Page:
Ryan, you were, and will always be, a great man. One of the best anyone could have known. You pushed people to be the best that they could be, and you did it as bluntly as possible. Like Will mentioned in his tumblr post, he'd throw you right the thick of it so you could thrive. Ryan was always in control when he was on-air, even if it didn't seem like it. He was always the man with a plan. He was tough, but a funny guy. He always knew what to say and how to say it, he was a man who genuinely loved being happy.
Ryan, and the rest of the crew have done us all a great service, for me especially. With everything that they do, and all they have accomplished in life, it pushed me to want to do more. I owe them all a lot for that. I took my first flying lesson last month because of Drew. Patrick was a great inspiration on how to write. Vinny got me into video editing (which ended up being my minor in Uni) Jeff taught me to be cool... And Ryan, well he taught me that there was always a reason to laugh and smile. I'm sure, wherever he is, he's sitting in his huge hosts' chair and laughing at me for being so sappy. But it's worth it.
I just thought Ryan, and everyone else, would like to hear what they did for me. Keep on keepin' on everyone. I'll miss you Ryan, you were a Titan.
Hey duders, I see a lot of people wanting to make their own kindx of Quick Looks, videos streams, dota, whatever; but not everyone knows how to do it. So I thought I would put together a little guide on some thing you can do to simply, and cheaply record your own video content.
First off, you have to know if your computer can handle the game you want to play. I know it sounds pretty basic, but I recently bought two games that my computer played like crap without recording. So if I had tried to capture the gameplay, I would have been running like, 1 FPS. You can check your video systems a couple of ways, you can go to your video card manufacture's website, or Google for reviews about them. Once you have determined if you can play the game, you'll need to decide some basic ideas about how you want to present your content.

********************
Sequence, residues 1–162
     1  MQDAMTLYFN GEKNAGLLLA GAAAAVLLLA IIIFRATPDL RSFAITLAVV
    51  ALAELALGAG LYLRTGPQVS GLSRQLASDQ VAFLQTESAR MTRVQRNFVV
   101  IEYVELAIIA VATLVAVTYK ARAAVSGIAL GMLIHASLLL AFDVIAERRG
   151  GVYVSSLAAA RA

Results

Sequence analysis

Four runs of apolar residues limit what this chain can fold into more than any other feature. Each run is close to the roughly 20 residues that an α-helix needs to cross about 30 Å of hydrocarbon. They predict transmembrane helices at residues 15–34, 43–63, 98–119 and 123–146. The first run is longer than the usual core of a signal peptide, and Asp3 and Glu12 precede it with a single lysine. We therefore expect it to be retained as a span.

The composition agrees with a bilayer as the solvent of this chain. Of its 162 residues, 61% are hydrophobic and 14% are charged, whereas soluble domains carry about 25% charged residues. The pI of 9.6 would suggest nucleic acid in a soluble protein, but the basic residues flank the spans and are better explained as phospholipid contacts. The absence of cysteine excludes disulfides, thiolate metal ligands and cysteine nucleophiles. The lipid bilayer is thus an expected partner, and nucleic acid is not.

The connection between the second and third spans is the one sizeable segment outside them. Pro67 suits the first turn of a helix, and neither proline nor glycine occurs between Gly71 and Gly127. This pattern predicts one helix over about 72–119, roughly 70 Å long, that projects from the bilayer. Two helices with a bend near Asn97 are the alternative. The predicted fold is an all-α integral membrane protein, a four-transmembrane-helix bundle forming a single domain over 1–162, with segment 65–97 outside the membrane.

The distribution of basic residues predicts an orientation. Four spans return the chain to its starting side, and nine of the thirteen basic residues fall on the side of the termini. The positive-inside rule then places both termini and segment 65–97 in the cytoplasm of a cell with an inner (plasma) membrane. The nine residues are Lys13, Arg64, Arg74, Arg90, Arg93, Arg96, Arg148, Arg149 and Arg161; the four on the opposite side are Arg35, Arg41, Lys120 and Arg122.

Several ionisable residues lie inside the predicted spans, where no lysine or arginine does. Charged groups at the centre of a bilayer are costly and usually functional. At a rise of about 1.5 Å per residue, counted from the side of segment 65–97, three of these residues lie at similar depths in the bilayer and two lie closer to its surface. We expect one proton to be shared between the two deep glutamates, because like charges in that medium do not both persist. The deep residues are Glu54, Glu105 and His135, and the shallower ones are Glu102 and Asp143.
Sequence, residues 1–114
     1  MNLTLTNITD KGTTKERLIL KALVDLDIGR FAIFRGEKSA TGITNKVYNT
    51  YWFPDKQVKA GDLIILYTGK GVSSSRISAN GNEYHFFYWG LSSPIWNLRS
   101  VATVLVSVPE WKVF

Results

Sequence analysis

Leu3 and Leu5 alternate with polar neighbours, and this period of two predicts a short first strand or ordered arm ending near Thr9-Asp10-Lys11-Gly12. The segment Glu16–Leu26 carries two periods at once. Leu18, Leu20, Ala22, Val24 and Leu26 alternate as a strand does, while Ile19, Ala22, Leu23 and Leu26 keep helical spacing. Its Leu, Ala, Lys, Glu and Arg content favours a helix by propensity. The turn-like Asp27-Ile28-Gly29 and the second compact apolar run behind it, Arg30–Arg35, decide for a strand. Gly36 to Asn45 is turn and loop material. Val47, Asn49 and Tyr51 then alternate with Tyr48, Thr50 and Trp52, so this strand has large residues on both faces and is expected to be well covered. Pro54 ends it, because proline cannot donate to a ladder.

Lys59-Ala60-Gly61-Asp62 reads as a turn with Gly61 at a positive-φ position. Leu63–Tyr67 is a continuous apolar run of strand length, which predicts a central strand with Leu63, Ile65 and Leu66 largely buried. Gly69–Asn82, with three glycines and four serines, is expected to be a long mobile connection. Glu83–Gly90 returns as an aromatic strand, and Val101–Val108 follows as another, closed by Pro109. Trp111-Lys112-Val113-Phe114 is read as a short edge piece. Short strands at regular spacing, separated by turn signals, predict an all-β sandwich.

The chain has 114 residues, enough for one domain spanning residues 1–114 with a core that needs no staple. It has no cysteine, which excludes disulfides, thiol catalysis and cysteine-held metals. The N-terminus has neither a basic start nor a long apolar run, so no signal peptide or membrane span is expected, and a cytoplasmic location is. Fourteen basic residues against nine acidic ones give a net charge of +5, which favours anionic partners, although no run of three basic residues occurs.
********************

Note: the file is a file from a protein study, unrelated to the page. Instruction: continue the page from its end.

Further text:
Just a few examples of this are, recording only gameplay, recording your audio and gameplay (like a Quick Look) or doing the whole video/audio/gameplay show like TNT or Unprofessional Fridays. Each person is different in what they feel comfortable doing, and the limitations of their equipment.
I'll start with the basics first. Recording gameplay. There are a lot of different products available for doing this, so it can be a little difficult to pick which one works. After personally testing out 5 different software choices, I ended up on Open Broadcast. It's simple, effective, and does everything that I've found in some of the other subscription software (such as Xsplit).
This is the basic window you'll see when you fire up Open Broadcaster. I have my own sources set up, which allow me to switch between my monitors, images, gameplay, TV, or whatever else I set. OB lets you select from a large number of sources, and set quick keys to jump between the import sources easily. You're also able to combine sources, like having gameplay and web cam going at the same time.
Open Broadcaster lets you set what kind of file you're exporting, where you want it to export (local or streaming) and the quick keys for starting/stopping.
From the side bar, you'll notice that you have options for the encoding and bitrate, things you can edit to help frames and file size, video sources, audio sources, ect ect.
Once you've got your gameplay going, you'll have to decide if you want to record your voice. If you do, microphones are your next stop. When doing a self production like this, I recommend using a headset. That way, you'll be able to have the game audio as high as you like it, and not worry about echo. Personally, I use a basic Plantroncis headset.
If you want a video of yourself, then you're going to need a webcam too. For most people on a laptop, you'll have a built-in webcam that does a decent job of capturing your face. If you have the money, and want some really nice HD picture. Microsoft has a line of really good HD Cameras. I don't do video recordings of myself, so it isn't really my area of expertise.
You also have to figure out where you'd like to stream. Usteam, justin.tv, or twitch. Of course, if you want to do some testing, and get your basics down first, then just export the video to your desktop and upload it somewhere.
This is just a basic guide to get you guys started! If you have any questions, or want me to write more about a specific thing, I would be happy to do such.